We talked to Dima Venglinski of Fireart Studio about their brand, and he had the following to say:-
First of all, how are you and your family doing in these COVID-19 times?
Dima Venglinski: Regardless of the pandemic, we keep a positive mood at home and at work. Now, almost the entire company is working remotely. However, with a few other teammates and my dog, we are still going to the office to maintain the work inspiration and fuel the team spirit.
It’s a challenging time for each and everyone, forcing us to push our boundaries, rethink our values, set the right goals, and understand what we really need. We’re now doing all together to optimize the existing processes and accept changes that are ruthlessly moving to us.
Tell us about you, your career, how you founded Fireart Studio.
Dima Venglinski: I was working as a freelance UI/UX designer for several years. The number of orders from my clients was fast-increasing, so I decided to hire a few other designers to help me manage the project flow and deliver everything timely. A small team became a logical continuation of my attempts to scale design expertise, projects, and opportunities. It’s how Fireart Studio was founded, very naturally.
How does Fireart Studio innovate?
Dima Venglinski: I have the following to say about innovation:-
Innovation in lead generation and a sales pipeline
Due to the travel restrictions during COVID-19, all in-person meetings with clients and offline lead generation channels, like roadshows, business events, and conferences, have become impossible. That’s why we focused on inbound lead generation processes.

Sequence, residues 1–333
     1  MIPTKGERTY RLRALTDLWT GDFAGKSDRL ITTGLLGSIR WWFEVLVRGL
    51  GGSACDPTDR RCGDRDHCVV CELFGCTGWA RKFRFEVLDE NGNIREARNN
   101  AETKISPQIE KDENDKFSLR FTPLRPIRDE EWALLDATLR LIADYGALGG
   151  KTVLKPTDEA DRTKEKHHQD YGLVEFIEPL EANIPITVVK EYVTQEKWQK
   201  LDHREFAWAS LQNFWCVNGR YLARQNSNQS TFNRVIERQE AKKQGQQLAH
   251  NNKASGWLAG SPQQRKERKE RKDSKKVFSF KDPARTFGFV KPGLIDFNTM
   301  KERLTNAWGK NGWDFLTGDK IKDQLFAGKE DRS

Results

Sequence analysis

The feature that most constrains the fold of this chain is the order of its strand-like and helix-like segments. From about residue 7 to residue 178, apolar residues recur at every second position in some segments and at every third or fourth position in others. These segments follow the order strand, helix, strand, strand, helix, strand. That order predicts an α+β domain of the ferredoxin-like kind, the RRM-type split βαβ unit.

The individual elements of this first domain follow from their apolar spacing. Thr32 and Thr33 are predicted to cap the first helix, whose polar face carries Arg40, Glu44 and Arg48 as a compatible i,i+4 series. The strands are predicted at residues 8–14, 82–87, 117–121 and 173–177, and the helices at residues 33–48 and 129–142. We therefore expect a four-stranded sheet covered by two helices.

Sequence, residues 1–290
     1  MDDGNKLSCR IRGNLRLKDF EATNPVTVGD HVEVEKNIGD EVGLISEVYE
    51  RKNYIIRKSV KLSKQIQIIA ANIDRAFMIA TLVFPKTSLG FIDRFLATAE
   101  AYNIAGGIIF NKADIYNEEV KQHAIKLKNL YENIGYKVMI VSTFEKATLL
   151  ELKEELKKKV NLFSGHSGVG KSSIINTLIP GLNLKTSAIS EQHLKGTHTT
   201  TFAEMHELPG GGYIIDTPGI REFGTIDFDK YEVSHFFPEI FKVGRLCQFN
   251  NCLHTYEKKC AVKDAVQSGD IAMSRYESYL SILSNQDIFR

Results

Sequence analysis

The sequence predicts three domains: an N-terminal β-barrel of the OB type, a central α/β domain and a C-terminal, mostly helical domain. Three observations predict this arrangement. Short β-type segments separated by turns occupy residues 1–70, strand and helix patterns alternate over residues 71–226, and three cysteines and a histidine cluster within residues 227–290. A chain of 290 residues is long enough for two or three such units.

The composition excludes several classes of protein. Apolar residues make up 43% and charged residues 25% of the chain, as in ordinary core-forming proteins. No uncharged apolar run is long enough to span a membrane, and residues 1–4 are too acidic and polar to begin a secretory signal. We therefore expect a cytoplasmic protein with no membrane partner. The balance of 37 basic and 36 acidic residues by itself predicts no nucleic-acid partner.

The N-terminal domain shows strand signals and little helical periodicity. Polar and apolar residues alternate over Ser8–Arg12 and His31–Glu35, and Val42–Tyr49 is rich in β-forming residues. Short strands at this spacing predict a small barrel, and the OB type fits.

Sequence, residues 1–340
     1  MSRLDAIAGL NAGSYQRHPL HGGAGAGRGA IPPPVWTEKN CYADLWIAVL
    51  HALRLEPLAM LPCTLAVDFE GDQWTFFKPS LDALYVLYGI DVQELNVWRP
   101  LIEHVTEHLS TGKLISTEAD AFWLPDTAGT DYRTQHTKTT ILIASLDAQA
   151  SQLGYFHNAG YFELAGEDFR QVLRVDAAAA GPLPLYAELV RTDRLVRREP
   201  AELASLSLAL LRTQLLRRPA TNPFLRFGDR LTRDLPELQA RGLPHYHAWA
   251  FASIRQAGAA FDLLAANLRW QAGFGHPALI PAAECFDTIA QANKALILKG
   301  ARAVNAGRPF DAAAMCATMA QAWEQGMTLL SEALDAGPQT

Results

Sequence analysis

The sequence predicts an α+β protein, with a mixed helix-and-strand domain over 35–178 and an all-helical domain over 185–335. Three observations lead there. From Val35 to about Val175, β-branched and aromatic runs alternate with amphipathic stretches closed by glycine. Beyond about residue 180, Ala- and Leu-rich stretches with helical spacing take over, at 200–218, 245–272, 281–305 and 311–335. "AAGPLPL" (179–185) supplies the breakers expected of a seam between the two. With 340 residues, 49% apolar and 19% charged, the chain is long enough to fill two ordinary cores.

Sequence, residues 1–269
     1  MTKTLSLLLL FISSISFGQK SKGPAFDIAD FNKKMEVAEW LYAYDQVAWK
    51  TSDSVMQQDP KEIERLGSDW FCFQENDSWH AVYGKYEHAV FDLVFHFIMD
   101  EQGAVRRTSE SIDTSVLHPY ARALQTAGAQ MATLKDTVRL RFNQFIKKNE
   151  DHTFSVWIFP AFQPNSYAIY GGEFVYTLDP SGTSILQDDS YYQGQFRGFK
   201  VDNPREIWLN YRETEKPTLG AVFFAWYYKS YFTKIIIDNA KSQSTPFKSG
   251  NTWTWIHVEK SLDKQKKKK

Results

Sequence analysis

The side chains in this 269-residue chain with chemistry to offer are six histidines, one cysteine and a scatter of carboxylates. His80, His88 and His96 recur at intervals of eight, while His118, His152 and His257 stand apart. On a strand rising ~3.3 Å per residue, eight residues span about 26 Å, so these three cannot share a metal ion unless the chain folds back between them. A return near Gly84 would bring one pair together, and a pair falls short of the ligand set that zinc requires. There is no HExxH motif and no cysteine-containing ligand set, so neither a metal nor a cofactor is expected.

Instead of visiting offline events, we started participating in online events, broadcasts, and webinars. Also, we incorporated some innovations in a sales pipeline. For example, we made a lead generation strategy more online-oriented and added new lead onboarding steps to the client communication strategy, such as introductory and discovery calls.
In general, the pandemic positively impacted our company’s internal processes. We consider it a boost to level up project management and make the business even more mobile. Like most of the teams, we were forced to switch to work from home and focus on improving online collaboration and communication.
Now, we are actively using online collaboration tools, like Slack, Notion, G Suite, Jira, and Miro. We find these tools very helpful in implementing the Scrum methodology, which we follow when developing software products. It helps us keep our processes on the wheels rolling like previously without damaging the clients’ projects.
Innovation in communication with clients
The current situation has also helped us set better customer relationships. We have initiated daily or weekly e-meetings with our clients to keep them informed about the project’s progress. Our sales team has added new follow-up emails to the client management strategy. After a month or two, we’ve started emailing clients, asking if they are satisfied with the project outcome and if their product works as expected.